The bill's third prohibition targets another way that outlaw spammers evade ISP filters: falsifying the "header information" that accompanies every email, and sending bulk spam containing that fake header information. More specifically, the bill prohibits forging information regarding the origin of the email message, the route through which the message attempted to penetrate the ISP filters, and information authenticating the user as a "trusted sender" who abides by appropriate consumer protection rules. The last type of forgery will be particularly important in the future, as ISPs and legitimate marketers develop "white list" rules whereby emailers who abide by self-regulatory codes of good practices will be allowed to send email to users without being subject to anti-spamming filters. There is currently substantial interest among marketers and email service providers in "white list" technology solutions to spam. However, such "white list" systems would be useless if outlaw spammers are allowed to counterfeit the authentication mechanisms used by legitimate emailers.
Fourth, the Criminal Spam Act prohibits registering for multiple email accounts or Internet domain names, and sending bulk email from those accounts or domains. This provision targets deceptive "account churning," a common outlaw spammer technique that works as follows. The spammer registers (usually by means of an automatic computer program) for large numbers of email accounts or domain names, using false registration information, then sends bulk spam from one account or domain after another. This technique stays ahead of ISP filters by hiding the source, size, and scope of the sender's mailings, and prevents the email account provider or domain name registrar from identifying the registrant as a spammer and denying his registration request. Falsifying registration information for domain names also violates a basic contractual requirement for domain name registration falsification.
Fifth and finally, our bill addresses a major hacker spammer technique for hiding identity that is a common and pernicious alternative to domain name registration - hijacking unused expanses of Internet address space and using them as launch pads for junk email. Hijacking Internet Protocol ("IP") addresses is not difficult: Spammers simply falsely assert that they have the right to use a block of IP addresses, and obtain an Internet connection for those addresses. Hiding behind those addresses, they can then send vast amounts of spam that is extremely difficult to trace.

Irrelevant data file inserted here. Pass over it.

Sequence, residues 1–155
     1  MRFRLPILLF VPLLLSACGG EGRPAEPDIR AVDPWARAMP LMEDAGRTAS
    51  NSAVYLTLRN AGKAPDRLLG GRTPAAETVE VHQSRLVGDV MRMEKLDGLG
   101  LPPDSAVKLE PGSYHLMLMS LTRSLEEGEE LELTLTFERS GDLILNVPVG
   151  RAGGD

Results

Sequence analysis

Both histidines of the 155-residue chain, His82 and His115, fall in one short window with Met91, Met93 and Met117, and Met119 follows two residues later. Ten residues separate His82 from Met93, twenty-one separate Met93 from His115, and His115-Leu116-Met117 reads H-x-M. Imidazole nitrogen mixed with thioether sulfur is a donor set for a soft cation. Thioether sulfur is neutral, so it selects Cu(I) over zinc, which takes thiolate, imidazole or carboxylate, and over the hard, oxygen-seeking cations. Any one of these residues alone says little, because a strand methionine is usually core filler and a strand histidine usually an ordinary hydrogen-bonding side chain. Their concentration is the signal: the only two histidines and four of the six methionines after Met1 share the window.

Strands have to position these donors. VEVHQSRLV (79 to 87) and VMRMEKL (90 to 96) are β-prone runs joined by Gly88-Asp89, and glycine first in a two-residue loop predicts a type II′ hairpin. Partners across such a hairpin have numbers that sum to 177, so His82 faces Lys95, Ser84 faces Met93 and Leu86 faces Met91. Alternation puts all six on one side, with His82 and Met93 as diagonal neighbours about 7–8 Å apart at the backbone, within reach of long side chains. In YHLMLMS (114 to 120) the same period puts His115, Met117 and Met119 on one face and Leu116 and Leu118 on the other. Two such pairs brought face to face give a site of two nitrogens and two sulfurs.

Penalties for violations of the bill's new criminal prohibitions are tough but measured. Recidivists and those who send spam in furtherance of another felony may be imprisoned for up to five years. Large-volume spammers, those who hack into another person's computer system to send bulk spam, and spam "kingpins" who use others to operate their spamming operations may be imprisoned for up to three years. Other offenders may be fined and imprisoned for no more than one year. Convicted offenders are also subject to forfeiture of proceeds and instrumentalities of the offense.
In addition to these criminal penalties, offenders are also subject to civil enforcement actions, which may be brought by either the Department of Justice or by an ISP. Civil remedies are important as a supplement to criminal enforcement for several reasons. First, bringing cases against outlaw spammers is very resource intensive because of the extensive forensic work involved in building a case; providing for civil enforcement will allow ISPs to assemble evidence to make prosecutors' jobs easier. Second, although criminal prosecutions are a critical deterrent against the most egregious spammers, the Justice Department is unlikely to prosecute all outlaw spam cases; civil enforcement, backed by strong financial penalties, will serve as a second layer of deterrence. Third, criminal penalties may not be appropriate in all cases, as for example in the case of teenagers hired by professional outlaw spammers to send out email for them; civil enforcement gives the Justice Department a more complete and refined range of tools to address specific outlaw spam problems.